13. You know…some Christians in the bible wern’t really that wonderful..
    Lot was one of the only good men in the city (in the story of Soddom and Gomorah) and HE OFFERED HIS DAUGHTERS TO A BUNCH OF RAPISTS.
    Think about that one will you…

  14. Gummi Girl,,,

    no matter what your take is on God, Jesus, The Word etc., if you have read much of the bible you will find out that most of those mentioned had…“issues”

    having a daughter myself that old Lot has always perplexed me.

  15. I just happened across this site by accident.  I’m not surprised by the ignorant vitriol it contains.  Although the erstwhile preacher being vilified by a group of vocal protesters who were about to celebrate their national holiday may not demonstrate a completely logical approach to what he is proposing, he, at least, is not just sitting on his dirty duff watching (helping) the world go to hell in a handbasket.  He is trying to make a positive difference in a nation needing a lot of positive difference.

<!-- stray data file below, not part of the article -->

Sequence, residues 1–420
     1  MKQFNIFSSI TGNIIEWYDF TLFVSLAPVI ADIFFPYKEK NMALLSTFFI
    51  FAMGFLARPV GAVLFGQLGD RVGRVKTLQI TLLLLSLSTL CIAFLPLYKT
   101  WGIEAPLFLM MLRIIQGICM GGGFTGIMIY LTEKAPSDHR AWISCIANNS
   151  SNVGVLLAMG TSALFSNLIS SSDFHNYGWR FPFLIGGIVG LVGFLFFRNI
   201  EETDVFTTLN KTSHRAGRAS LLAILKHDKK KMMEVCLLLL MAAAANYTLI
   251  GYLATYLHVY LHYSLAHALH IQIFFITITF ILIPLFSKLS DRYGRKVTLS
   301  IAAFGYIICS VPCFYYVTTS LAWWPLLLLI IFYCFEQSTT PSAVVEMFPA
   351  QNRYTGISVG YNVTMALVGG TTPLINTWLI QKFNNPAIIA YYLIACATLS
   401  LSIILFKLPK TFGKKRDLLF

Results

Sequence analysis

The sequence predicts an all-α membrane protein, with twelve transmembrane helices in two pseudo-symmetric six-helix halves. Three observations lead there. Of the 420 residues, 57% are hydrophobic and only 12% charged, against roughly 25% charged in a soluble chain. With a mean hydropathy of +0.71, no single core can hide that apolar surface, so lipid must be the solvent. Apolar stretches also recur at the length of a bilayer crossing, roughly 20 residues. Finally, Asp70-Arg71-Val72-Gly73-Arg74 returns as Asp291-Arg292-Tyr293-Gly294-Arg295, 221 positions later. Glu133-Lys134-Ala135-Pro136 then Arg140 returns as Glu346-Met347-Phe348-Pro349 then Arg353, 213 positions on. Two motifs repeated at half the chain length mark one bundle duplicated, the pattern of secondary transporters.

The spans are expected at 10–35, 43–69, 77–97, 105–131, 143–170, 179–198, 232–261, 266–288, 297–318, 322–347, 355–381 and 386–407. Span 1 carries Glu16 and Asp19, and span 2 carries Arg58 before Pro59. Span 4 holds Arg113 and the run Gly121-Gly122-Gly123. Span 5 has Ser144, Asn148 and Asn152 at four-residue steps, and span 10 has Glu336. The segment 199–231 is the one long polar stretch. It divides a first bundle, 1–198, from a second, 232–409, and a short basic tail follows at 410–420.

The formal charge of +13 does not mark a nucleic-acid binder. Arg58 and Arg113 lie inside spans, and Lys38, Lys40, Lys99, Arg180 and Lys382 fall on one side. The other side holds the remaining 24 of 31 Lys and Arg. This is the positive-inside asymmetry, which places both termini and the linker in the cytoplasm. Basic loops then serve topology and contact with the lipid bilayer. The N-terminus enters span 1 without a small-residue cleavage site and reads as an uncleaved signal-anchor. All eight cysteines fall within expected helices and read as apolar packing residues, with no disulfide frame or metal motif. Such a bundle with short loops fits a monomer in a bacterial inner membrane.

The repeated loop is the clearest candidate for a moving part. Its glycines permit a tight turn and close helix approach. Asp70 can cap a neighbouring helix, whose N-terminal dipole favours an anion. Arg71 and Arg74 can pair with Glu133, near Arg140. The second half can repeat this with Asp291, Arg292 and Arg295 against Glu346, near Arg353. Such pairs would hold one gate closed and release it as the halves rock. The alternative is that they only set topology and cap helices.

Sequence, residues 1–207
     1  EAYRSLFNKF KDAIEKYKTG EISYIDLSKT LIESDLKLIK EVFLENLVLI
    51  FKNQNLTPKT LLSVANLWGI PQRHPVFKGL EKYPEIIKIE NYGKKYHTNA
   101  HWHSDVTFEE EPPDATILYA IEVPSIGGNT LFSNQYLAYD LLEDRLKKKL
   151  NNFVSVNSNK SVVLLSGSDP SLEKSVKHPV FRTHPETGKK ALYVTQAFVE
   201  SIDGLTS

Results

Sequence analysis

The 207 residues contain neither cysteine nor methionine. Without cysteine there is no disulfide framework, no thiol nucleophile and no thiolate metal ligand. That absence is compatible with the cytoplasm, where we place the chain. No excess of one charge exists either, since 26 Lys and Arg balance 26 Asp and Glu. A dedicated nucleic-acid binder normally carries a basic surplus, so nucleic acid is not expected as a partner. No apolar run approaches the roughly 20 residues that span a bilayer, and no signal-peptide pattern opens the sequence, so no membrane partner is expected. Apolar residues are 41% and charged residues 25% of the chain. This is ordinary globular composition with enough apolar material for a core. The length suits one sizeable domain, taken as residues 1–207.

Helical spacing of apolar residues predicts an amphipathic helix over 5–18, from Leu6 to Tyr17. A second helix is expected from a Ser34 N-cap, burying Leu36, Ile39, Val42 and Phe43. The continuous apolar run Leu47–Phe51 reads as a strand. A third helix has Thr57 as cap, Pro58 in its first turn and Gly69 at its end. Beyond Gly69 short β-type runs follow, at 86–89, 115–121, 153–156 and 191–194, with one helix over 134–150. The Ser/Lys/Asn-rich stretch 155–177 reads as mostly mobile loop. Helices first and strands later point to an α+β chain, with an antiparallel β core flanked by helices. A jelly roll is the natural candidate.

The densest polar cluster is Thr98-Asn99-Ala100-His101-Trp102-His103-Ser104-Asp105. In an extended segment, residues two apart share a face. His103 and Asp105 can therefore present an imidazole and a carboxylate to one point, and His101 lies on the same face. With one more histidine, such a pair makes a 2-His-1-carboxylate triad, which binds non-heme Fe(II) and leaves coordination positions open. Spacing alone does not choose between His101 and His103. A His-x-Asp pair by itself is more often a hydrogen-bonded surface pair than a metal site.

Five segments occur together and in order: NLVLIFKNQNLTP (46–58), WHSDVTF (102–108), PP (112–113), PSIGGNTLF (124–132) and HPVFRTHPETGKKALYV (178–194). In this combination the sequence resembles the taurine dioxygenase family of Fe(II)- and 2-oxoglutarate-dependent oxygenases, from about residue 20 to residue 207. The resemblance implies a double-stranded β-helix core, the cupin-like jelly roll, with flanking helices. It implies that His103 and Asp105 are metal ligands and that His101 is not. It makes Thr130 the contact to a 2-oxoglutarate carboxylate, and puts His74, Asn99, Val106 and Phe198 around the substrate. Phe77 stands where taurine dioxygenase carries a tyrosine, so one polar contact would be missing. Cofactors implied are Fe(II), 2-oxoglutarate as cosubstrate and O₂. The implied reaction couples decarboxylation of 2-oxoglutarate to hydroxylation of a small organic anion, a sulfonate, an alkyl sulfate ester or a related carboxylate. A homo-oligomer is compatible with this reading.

It would be interesting to know what each of his detractors … some of whom seem to be obsessed with their own toilet functions … are doing to improve the state of affairs socially, morally, legally, physically and spiritually where they live.  I venture the opinion that the total of it probably adds up to zero … zilch … nada …zippo.

    Oh well … you can tie into me now … have fun!

  16. el tigre,
    I assume you mean by “trying to make a positive difference in a nation needing a lot of positive difference,” that badgering people into doing “good” by manipulation that “God will get them if they don’t” is possibly a “positive difference?” How about encouraging them to look inside themselves to find the “right” and “wrong” that each of us possess and to act on that in such a way that it brings out the best in all those around us. I am actively engaged in just such a group and encouraging non-violent solutions to our many problems (last week we had two hundred in attendance with workshops of 20 or so). Sorry if this is not sufficiently “tieing into you,” but maybe it has opened your eyes to other possibilities. lol